Jack was a hero of mine, more of an obsession really, and I rarely missed The Tonight Show when he was its host. When I got the job writing for Jack I thought that if there is a heaven, it will be an anticlimax. The fact that I was handsomely paid—think of it, $360 a week, and every week—barely occurred to me. I was there. On the inside of The Tonight Show. I watched the show as it was taped every night and then watched it again at home.
I think Jack sensed my obsession. He called me aside one night after the show and said, "Kid, you shouldn't hang around here through the show. It'll ruin your life. Go home." After that I watched the show from a part of the studio where he couldn't see me.
Years passed and the chance for me to host a talk show came along. This had never, ever been my ambition. My highest goal in this regard was to some day, maybe, be a guest on talk shows. Hosting was not even a dream. That was for the giants of my time: Steve Allen, Jack, and Johnny.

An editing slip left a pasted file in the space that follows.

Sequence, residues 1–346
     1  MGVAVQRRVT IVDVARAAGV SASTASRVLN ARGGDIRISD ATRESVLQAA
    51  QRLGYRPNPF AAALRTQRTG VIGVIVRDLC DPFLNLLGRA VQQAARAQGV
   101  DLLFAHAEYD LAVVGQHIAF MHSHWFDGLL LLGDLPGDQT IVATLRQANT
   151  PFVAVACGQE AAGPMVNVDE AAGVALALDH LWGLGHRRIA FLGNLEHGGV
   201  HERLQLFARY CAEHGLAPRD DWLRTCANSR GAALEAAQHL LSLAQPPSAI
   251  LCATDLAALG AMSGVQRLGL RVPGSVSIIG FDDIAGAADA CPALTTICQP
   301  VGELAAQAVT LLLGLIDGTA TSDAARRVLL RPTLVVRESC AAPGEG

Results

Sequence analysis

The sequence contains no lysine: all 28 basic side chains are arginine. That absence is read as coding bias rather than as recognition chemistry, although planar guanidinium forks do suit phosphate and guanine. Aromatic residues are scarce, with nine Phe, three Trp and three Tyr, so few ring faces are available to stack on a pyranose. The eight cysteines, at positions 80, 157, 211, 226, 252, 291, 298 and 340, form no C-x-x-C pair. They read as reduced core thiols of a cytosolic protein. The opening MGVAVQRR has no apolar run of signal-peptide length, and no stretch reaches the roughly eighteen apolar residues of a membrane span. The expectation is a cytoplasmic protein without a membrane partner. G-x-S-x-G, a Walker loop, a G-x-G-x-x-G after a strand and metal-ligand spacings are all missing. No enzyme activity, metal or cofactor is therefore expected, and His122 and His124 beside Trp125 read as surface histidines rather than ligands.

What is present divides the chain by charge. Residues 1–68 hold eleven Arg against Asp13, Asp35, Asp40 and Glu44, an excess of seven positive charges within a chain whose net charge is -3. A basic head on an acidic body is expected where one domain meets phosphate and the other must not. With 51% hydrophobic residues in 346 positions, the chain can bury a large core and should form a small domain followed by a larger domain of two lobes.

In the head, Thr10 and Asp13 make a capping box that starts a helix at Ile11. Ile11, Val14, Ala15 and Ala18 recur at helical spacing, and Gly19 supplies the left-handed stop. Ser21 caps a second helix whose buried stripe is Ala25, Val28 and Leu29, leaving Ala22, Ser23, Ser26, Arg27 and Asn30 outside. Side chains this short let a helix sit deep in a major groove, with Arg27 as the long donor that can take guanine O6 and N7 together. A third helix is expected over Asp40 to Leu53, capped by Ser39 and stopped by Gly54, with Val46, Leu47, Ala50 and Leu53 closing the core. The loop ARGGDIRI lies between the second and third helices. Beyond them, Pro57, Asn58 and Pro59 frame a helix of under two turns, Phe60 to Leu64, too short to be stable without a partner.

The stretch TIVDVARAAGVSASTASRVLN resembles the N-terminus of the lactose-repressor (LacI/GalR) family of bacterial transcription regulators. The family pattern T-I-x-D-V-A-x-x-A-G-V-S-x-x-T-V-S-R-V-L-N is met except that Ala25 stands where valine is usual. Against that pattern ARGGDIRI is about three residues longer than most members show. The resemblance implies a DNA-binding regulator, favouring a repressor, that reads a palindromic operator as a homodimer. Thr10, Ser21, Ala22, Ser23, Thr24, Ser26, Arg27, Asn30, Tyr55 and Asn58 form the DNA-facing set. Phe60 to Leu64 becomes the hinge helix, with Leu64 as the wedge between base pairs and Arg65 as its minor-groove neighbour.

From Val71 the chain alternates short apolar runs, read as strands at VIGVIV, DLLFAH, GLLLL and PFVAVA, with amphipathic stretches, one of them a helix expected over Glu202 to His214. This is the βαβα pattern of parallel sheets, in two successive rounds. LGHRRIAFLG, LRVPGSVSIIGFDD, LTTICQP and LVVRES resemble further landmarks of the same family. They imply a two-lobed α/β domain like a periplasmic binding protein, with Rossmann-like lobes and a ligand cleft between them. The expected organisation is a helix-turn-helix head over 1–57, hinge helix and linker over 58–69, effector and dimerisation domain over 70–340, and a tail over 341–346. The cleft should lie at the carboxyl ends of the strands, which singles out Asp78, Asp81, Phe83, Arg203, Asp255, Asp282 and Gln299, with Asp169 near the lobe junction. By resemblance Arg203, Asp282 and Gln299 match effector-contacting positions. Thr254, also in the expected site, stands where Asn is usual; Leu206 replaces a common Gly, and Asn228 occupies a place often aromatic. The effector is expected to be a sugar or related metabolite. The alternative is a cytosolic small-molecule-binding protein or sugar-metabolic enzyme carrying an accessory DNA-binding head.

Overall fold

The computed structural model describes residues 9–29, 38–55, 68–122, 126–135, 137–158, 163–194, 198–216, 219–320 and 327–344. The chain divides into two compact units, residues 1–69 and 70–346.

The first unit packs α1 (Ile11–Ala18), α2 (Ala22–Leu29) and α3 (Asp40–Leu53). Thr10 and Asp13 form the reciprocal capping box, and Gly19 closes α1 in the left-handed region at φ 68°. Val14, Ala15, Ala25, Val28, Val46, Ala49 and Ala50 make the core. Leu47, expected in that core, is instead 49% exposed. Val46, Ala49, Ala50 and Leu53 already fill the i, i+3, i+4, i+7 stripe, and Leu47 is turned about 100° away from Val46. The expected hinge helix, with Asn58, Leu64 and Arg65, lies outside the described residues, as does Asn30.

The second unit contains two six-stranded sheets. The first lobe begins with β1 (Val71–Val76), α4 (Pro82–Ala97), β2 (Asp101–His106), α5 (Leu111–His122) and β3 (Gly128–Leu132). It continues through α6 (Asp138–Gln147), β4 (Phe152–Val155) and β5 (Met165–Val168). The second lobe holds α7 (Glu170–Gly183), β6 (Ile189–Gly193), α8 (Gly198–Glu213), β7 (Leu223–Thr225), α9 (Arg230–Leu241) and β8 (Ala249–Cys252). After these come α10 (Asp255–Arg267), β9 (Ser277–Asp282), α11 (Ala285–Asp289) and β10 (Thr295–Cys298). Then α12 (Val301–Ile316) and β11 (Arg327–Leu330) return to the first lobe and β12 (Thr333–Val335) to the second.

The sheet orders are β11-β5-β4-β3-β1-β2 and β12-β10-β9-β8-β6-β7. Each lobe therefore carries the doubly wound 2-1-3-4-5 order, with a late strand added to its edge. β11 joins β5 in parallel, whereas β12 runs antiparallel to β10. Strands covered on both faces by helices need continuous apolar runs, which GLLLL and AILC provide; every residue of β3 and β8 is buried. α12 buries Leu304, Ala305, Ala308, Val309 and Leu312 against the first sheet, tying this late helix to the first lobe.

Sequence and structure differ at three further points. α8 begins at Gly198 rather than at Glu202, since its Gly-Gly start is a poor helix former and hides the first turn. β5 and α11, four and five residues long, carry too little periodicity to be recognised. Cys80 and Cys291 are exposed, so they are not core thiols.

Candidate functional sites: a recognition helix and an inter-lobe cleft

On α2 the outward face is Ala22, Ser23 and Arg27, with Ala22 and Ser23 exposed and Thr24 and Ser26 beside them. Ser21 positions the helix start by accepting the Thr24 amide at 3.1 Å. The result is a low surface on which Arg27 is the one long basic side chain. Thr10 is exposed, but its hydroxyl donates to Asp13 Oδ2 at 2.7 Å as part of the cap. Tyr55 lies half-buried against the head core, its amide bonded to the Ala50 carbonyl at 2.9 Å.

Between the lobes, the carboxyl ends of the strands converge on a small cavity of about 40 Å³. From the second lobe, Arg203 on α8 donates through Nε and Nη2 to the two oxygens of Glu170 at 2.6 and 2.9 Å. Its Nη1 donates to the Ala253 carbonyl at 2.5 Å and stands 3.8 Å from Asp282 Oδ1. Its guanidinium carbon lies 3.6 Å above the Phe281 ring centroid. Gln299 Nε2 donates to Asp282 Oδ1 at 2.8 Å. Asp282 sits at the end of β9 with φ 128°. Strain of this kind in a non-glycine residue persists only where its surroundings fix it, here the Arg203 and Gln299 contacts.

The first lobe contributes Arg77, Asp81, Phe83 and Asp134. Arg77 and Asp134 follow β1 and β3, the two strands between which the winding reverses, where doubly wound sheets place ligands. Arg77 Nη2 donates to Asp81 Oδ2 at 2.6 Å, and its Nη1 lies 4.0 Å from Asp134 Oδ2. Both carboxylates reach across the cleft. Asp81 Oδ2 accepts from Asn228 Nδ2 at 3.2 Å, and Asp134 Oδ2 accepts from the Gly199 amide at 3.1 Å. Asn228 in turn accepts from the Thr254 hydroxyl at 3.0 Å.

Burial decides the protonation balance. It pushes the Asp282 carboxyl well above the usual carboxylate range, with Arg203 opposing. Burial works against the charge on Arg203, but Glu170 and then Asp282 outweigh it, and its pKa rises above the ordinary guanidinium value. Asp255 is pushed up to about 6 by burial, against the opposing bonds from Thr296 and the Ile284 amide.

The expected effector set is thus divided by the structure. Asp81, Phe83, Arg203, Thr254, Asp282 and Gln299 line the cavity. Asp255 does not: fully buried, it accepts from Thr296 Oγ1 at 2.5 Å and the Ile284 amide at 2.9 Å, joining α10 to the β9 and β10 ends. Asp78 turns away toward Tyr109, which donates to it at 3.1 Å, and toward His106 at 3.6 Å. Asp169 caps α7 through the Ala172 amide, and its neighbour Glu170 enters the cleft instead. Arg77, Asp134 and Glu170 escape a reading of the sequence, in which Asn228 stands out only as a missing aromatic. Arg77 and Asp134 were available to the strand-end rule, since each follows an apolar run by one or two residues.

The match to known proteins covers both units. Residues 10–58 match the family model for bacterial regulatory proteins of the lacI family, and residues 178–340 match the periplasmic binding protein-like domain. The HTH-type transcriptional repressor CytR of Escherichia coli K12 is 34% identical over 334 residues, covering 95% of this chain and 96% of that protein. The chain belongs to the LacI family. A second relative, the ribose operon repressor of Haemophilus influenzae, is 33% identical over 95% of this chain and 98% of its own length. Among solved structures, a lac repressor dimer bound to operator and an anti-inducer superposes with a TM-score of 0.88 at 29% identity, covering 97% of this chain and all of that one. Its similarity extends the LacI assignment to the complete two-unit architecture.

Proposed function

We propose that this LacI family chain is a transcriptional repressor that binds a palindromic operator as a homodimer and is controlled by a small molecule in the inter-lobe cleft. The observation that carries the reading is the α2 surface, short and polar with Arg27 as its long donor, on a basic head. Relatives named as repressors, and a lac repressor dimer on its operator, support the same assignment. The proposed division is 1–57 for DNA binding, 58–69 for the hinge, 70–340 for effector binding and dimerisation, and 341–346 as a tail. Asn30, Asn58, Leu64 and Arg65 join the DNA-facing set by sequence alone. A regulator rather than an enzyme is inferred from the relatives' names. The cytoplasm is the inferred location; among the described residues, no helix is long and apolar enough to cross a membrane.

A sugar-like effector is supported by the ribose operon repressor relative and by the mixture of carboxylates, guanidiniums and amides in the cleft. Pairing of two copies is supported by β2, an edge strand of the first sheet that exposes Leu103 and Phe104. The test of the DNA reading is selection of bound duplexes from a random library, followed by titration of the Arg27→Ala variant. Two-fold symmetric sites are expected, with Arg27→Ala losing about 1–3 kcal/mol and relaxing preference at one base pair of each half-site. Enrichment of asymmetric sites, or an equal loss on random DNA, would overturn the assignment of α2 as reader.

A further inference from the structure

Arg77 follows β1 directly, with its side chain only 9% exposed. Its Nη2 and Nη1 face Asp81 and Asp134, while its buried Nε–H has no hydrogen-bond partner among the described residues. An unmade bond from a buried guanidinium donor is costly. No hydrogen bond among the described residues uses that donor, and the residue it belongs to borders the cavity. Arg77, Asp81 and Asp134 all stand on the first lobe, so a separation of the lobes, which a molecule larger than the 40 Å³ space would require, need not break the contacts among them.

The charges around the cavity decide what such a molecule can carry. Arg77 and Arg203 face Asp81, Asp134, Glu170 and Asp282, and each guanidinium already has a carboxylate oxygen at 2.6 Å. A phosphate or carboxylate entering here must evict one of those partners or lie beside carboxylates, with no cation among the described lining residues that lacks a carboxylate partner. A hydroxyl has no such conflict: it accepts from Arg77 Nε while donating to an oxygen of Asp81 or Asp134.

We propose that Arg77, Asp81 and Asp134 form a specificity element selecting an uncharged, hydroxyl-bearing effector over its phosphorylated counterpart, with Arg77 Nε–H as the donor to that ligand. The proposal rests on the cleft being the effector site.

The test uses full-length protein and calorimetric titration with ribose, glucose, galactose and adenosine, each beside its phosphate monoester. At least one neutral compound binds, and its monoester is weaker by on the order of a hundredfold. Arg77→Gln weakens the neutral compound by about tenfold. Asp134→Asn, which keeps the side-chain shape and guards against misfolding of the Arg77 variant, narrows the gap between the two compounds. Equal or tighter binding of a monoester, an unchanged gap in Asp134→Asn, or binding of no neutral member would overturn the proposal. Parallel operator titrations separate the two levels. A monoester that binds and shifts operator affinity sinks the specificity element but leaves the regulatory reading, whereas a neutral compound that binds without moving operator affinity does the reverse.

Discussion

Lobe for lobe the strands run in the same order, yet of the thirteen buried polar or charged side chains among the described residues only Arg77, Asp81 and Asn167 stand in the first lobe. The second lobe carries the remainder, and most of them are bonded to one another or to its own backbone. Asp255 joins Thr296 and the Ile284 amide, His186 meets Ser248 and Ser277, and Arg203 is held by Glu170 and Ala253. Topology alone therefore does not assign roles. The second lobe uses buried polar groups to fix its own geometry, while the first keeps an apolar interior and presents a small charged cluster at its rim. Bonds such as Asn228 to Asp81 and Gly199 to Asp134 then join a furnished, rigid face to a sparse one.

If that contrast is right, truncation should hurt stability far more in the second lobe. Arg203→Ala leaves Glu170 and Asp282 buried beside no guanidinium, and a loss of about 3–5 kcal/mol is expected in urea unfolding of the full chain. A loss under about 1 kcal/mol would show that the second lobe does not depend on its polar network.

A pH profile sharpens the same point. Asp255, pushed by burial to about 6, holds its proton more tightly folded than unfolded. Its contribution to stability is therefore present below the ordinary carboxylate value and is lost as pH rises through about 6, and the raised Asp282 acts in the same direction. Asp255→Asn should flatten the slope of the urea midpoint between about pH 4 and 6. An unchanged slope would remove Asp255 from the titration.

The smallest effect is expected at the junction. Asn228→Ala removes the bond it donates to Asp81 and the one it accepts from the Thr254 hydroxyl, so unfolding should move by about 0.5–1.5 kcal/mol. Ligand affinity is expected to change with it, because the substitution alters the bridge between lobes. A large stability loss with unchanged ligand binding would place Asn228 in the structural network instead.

When the non-dream came true and I was about to do my own show, a call came from Jack. It bore the single best piece of advice I or anyone doing such a show could get: "Kid, I've only got one piece of counseling for you. Don't do interviews."
What could Jack mean? To do the whole show myself? Show movies? Read to the viewers? That exciting, nervous, famous voice continued: "I mean don't just do interviews, pal. You know. 'Interview' smacks of Q-and-A and David Frost and his clipboard and 'What's your favorite color?' and crap like 'most embarrassing moments.' Don't do any of that. Make it a conversation."